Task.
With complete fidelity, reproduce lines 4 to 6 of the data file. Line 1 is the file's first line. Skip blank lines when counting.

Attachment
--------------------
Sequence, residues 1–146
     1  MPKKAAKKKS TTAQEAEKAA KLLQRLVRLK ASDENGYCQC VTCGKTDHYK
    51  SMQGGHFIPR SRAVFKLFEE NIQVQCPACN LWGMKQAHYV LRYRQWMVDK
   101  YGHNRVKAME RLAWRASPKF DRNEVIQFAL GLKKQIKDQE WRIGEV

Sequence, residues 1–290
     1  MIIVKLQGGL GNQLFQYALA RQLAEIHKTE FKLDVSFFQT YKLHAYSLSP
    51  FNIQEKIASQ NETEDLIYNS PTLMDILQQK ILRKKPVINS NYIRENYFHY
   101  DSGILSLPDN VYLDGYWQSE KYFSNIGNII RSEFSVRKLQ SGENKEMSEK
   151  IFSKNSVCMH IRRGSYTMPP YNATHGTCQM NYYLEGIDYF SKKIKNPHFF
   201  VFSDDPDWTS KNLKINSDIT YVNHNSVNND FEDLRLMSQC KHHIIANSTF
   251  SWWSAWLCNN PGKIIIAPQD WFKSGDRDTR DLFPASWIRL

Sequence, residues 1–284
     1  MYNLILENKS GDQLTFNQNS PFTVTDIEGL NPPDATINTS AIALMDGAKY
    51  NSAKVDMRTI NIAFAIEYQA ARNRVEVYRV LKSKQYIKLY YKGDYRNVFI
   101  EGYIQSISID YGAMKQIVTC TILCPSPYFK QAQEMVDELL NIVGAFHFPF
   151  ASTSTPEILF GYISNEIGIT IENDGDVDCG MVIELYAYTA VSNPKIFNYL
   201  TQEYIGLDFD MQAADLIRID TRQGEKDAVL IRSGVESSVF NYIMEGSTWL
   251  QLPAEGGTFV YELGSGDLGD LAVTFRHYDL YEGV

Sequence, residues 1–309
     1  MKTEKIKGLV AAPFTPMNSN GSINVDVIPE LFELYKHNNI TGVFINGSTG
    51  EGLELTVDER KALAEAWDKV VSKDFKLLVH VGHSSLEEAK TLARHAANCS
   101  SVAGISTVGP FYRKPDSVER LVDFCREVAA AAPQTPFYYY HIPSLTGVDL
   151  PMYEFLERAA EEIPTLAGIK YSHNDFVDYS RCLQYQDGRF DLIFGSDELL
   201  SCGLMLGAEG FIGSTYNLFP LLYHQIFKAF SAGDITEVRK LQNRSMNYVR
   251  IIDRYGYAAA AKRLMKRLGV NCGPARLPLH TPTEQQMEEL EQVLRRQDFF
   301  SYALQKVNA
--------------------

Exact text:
   101  YGHNRVKAME RLAWRASPKF DRNEVIQFAL GLKKQIKDQE WRIGEV

Sequence, residues 1–290
     1  MIIVKLQGGL GNQLFQYALA RQLAEIHKTE FKLDVSFFQT YKLHAYSLSP